Coconut Sweet Buns with 30% Purple Rice Flour

 

Dough flour:

210g      70%       Whole wheat flour

90g       30%       Freshly milled black glutinous rice flour

    

For leaven:

15g        5%       Starter

15g        5%       Bran shifted out from dough flour

15g        5%       Water

 

For tang zhong:

16g       5.3%       Whole wheat flour

16g       5.3%       Freshly milled black glutinous rice aka purple rice flour

180g      60%       Canned coconut milk

 

For dough:

258g      86%      Dough flour excluding tang zhong and bran for leaven

<212g  <70.7%  Tang zhong (I didn’t weight)

60g       20%       Whey

45g       15%       Water

45g       15%       Leaven

9g           3%       Vital Wheat Gluten

5g        1.7%       Salt

 

___________

305g      100%      Whole grain

305g      100%      Total hydration (inc. the tang zhong so it’s actually very easy to work with)

 

 

Pandan kaya jam (makes enough for 4 batches of buns):

180g     41.7%      Canned coconut milk (preferably full fat)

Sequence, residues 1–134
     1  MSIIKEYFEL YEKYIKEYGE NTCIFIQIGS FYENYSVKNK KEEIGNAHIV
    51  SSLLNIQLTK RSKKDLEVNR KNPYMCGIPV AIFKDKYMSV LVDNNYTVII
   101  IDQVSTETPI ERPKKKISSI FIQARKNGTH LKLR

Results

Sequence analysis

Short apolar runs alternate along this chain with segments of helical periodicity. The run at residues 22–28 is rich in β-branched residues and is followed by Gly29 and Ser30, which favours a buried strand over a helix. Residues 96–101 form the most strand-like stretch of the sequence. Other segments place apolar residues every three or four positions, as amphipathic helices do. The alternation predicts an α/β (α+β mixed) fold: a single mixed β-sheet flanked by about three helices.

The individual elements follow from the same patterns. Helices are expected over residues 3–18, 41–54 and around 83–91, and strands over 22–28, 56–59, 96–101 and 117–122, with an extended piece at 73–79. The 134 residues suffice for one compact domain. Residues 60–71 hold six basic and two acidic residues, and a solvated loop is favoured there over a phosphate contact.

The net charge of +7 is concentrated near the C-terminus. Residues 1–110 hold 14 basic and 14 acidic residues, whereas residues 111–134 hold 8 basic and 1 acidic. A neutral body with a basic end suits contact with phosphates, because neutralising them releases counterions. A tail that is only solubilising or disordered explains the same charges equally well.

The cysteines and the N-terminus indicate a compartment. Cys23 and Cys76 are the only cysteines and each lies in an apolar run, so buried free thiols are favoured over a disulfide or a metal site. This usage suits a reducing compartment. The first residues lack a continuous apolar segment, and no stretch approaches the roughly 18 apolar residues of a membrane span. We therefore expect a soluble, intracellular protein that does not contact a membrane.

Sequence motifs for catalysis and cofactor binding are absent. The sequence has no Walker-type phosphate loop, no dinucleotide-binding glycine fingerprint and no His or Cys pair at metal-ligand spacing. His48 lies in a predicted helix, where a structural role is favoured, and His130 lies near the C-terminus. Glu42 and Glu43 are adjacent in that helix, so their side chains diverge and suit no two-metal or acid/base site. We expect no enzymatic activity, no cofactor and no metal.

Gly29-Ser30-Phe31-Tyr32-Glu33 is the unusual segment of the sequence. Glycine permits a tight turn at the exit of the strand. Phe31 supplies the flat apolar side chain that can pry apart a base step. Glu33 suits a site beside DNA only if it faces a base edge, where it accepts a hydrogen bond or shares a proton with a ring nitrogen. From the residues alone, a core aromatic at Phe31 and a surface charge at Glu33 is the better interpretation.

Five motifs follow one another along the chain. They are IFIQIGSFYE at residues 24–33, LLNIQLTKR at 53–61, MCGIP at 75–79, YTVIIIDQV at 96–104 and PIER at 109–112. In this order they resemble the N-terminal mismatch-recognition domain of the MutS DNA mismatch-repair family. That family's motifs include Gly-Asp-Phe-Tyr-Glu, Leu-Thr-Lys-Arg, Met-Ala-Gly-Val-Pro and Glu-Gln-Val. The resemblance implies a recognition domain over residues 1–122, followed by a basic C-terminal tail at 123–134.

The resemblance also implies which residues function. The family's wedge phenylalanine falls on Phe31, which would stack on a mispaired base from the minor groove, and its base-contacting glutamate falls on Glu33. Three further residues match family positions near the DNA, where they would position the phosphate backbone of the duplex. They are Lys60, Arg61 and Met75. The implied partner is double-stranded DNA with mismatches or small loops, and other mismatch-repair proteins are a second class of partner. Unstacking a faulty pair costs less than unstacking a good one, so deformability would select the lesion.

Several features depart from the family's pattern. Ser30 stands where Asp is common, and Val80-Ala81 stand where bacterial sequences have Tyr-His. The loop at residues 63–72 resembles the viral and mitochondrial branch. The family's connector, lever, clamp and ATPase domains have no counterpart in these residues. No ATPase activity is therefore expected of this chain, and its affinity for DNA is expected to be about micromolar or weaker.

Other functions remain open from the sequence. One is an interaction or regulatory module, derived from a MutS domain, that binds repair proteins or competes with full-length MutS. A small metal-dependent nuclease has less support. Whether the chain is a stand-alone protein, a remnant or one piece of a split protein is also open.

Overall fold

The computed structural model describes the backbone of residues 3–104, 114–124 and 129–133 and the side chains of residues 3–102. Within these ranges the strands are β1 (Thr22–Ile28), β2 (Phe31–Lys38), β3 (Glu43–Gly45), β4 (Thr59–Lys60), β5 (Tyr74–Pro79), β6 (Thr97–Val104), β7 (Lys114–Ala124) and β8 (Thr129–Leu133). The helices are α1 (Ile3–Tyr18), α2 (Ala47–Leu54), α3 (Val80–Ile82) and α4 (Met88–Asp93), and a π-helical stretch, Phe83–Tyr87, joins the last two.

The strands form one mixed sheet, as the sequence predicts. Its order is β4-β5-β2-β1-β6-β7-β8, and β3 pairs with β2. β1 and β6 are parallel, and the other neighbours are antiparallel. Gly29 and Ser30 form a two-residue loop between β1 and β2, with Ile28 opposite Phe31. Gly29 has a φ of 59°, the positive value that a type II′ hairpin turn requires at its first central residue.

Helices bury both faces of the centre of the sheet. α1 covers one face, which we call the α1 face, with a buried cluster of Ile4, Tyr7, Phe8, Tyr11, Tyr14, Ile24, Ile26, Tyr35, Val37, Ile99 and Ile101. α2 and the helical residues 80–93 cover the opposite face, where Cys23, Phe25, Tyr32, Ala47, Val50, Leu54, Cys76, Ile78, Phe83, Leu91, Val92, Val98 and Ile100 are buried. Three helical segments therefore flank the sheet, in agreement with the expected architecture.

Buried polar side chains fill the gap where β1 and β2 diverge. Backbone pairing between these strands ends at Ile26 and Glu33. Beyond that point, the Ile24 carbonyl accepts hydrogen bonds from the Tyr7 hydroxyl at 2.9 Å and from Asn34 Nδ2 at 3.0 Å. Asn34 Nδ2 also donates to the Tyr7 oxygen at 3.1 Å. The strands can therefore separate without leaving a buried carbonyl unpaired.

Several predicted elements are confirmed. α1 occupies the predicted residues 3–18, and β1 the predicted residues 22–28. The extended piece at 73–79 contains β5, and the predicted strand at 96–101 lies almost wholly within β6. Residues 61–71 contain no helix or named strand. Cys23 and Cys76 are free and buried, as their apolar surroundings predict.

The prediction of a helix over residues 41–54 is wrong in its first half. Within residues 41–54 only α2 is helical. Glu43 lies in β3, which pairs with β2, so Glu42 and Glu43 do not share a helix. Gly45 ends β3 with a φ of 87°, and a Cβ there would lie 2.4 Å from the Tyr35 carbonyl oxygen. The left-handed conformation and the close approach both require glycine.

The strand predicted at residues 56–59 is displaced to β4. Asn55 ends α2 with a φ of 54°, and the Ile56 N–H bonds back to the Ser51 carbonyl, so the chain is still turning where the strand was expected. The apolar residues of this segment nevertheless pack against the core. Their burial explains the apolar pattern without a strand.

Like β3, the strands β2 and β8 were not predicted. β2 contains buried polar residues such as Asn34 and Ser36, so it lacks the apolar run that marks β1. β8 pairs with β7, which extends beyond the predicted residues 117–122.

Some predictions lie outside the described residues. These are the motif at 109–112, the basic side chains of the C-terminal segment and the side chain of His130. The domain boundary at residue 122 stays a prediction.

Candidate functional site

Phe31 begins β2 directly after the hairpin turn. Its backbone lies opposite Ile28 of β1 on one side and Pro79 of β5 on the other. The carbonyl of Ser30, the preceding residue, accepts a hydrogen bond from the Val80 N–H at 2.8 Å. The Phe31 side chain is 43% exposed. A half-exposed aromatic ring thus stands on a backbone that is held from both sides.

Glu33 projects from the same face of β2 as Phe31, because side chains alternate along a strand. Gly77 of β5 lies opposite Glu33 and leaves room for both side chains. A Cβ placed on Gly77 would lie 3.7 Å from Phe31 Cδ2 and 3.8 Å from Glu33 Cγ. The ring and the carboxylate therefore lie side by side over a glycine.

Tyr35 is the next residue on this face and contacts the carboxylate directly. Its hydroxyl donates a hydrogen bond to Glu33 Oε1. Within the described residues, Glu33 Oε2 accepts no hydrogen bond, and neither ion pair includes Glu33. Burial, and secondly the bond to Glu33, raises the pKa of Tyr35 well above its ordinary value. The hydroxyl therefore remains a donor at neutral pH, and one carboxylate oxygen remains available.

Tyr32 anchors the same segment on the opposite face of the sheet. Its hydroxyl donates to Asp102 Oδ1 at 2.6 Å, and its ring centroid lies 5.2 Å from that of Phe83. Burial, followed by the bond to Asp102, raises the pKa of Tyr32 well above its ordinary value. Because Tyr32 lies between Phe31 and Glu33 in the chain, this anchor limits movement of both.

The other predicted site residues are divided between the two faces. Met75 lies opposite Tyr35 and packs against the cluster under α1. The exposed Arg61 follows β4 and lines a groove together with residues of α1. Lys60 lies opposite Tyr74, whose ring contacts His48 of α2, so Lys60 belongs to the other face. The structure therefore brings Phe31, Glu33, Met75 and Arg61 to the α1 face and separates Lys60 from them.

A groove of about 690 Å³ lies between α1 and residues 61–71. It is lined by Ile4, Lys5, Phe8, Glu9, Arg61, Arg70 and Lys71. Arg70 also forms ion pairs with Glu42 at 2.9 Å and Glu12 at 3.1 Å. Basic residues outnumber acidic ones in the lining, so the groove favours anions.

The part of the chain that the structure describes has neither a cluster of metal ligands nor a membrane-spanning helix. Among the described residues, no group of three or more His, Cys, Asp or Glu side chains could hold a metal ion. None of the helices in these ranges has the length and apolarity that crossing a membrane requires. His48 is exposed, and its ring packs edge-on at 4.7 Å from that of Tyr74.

171g (3)  39.7%    Large whole eggs

80g       18.6%       Brown sugar (or coconut sugar)

(6)             -%        Pandan leaves (optional) 

 

Sift out the coarse bran from the dough flour, reserve 15g for leaven. Mix the rest back into the dough flour or soak them in equal amount of whey taken from dough ingredients for a minimum of 4 hours.

Combine all leaven ingredients and let sit until doubled, about 6-8 hours.  

Make the tang zhong. Pour the coconut milk slowly while whisking into a pot containing the flour. When no lumps remain, heat the mixture over medium heat, stirring continuously until thickened to a paste, about 3 minutes. Let cool to room temperature and refrigerate until needed.